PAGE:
Bombay is India’s commercial capital and city of fortune. The very name conjures up a host of vision. The vision of glamour and megastars, of industrialists and business houses, of multifarious futuristic lifestyle which is likely to become even more intense as Bombay moves closer and closer to it becoming the world’s largest metro after Tokyo by the year 2015. And all the while, Bombay – the largest, most cosmopolitan, richest and fastest growing of India’s metros, continues to maintain and add to its impressive portfolio. Just consider the following: the oldest Stock Exchange in India is located in Bombay where 75% of the nation’s financial business passes through daily scrip transactions that take place at the Bombay Stock Exchange, which has become an important indicator of national stability and the general “health” of the nation. Bombay is the base for prestigious financial institutions including the Reserve Bank of India. It is also in Bombay that the largest number of Merchant Bankers can be found. With the spirit of enterprise and an inspiration of dreams, Bombay’s attraction is the promise of a fortune that has become so intimately associated with its image over the years.
Afternoon: Visit Mumbai city
Like any great and soulful city, Bombay is overwhelming. This city tour will introduce you to the complexities of India's second largest city, a city built at the height of the British Raj that later became home to the Indian freedom movement, a city of textile factories and fishing villages, Islamic mosques and Hindu temples, the elegance of Marine Drive and the shocking paucity of the slums.
Start with a drive along Marine Drive, the main boulevard on to Malabar Hill which is an exclusive residential area in Bombay city and one of the most expensive in India.
The Dabbawallahs of Bombay
I am standing near Mumbai's Churchgate Station in the commercial hub of the city. It is almost noon, and about five hundred yards away, I catch a glimpse of a man I have been waiting to see. He wears a loose white shirt, cotton pyjamas, and, the trade mark of his profession, a white "Nehru" cap.
His name is Naru Bhade and his fellow-workers are dabbawallahs ("dabba" translates as lunch 'box' or 'tiffin carrier'; "wallah" means a 'man'). In the next hour, he and his team, along with about 5,000 other dabbawallahs (emerging from other suburban railway stations) will deliver approximately 170,000 lunches from suburban households, to schools, colleges, mills and offices spread across the entire city and its environs. Their customers are middle-class citizens, who for reasons of economy, hygiene, caste and dietary restrictions-or simply because they prefer wholesome food from their own kitchens-rely on the dabbawallahs to deliver a home-cooked midday meal.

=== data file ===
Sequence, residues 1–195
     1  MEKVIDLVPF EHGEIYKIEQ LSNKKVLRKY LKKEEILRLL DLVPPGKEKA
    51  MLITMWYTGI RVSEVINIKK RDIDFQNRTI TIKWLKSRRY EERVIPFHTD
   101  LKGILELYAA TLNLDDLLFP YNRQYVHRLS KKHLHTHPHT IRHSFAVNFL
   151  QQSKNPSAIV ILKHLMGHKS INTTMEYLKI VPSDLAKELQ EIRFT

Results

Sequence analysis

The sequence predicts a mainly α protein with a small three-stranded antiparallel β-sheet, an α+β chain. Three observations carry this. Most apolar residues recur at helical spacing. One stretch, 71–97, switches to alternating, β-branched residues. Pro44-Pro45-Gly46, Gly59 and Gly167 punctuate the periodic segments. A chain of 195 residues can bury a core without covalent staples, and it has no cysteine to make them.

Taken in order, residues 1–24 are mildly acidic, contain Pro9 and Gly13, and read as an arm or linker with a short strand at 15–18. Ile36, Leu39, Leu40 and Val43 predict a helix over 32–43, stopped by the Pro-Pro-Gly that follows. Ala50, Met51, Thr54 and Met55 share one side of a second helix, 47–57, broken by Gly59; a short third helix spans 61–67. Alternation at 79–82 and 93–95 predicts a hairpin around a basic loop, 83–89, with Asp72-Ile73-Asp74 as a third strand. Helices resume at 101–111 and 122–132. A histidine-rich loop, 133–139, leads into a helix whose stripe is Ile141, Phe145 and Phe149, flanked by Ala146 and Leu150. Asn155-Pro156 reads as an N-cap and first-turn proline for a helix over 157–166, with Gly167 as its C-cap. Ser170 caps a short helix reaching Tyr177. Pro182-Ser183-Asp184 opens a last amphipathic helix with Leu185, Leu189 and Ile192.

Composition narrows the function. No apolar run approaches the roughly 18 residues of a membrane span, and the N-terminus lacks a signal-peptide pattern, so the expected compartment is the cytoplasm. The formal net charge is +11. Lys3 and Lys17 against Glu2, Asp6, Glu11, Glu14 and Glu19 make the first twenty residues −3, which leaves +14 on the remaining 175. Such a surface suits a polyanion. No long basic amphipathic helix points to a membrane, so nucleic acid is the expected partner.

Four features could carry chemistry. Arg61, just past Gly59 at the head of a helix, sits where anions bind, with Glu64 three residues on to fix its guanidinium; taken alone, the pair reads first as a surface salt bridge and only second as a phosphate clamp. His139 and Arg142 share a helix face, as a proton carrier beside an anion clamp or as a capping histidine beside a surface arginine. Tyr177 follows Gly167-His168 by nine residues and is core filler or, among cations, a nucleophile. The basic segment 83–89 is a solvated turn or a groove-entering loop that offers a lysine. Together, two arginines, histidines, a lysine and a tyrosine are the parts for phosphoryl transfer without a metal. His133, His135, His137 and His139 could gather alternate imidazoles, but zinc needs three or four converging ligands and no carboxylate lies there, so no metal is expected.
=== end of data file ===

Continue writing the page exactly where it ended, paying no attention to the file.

Visit to Dhobi Ghat, the local open-air laundry. We drive on to the Mahalakshmi road bridge which overlooks Dhobi Ghat - a huge public laundry uniquely different from laundries anywhere in the world and India. It is fascinating to see the ‘dhobi’ or the washer man thump away on a block of granite with the laundry, which definitely knocks out the dirt but does wonders for the buttons on your shirts as well. Any further dirt left is boiled away in huge vats. The clothes are then rinsed in indigo blue and sun-dried on the rooftops of the shanties which are the residences of the 'dhobis'. They are then pressed by coal irons, folded and tied into neat bundles and delivered back to the various homes. Although the clothes are not marked they are rarely misplaced. A visit to the Dhobi Ghat is truly an exciting and unique experience.
Visit Mani Bhavan. The house belonged to Shri Revashankar Jhaveri, Gandhi’s friend and host in Mumbai. Whenever he was in Mumbai between 1917 to 1934 Gandhi stayed here. It was here in November 1921 that Gandhi conducted a four-day fast in order to restore peace to the city. On the terrace, a bronze plaque marks the site of the tent in which Gandhi was arrested in January 1932. He also used to sleep and say his prayers on this terrace.
Inside the house is a library of Gandhi-related works (about 50,000 books and periodicals), as well as displays of photographs, posters, slogans, and other items that document and explain Gandhi's legendary life. You can also see Gandhi's old charkha (spinning wheel), which in many ways symbolized the struggle for independence, and which now appears on the Indian flag.
Drive past the impressive architectural vestiges of the Raj – the High Court, the Bombay University and the Raja Bhai Clock Tower, Victoria Terminus Railway Station to the shopping centre of Colaba Causeway. Visit the The Gateway of India which was built to commemorate the visit of King George V in 1911, but officially opened in 1924. It is Bombay's Arc de Triomphe. This is the most impressive landmark in Bombay.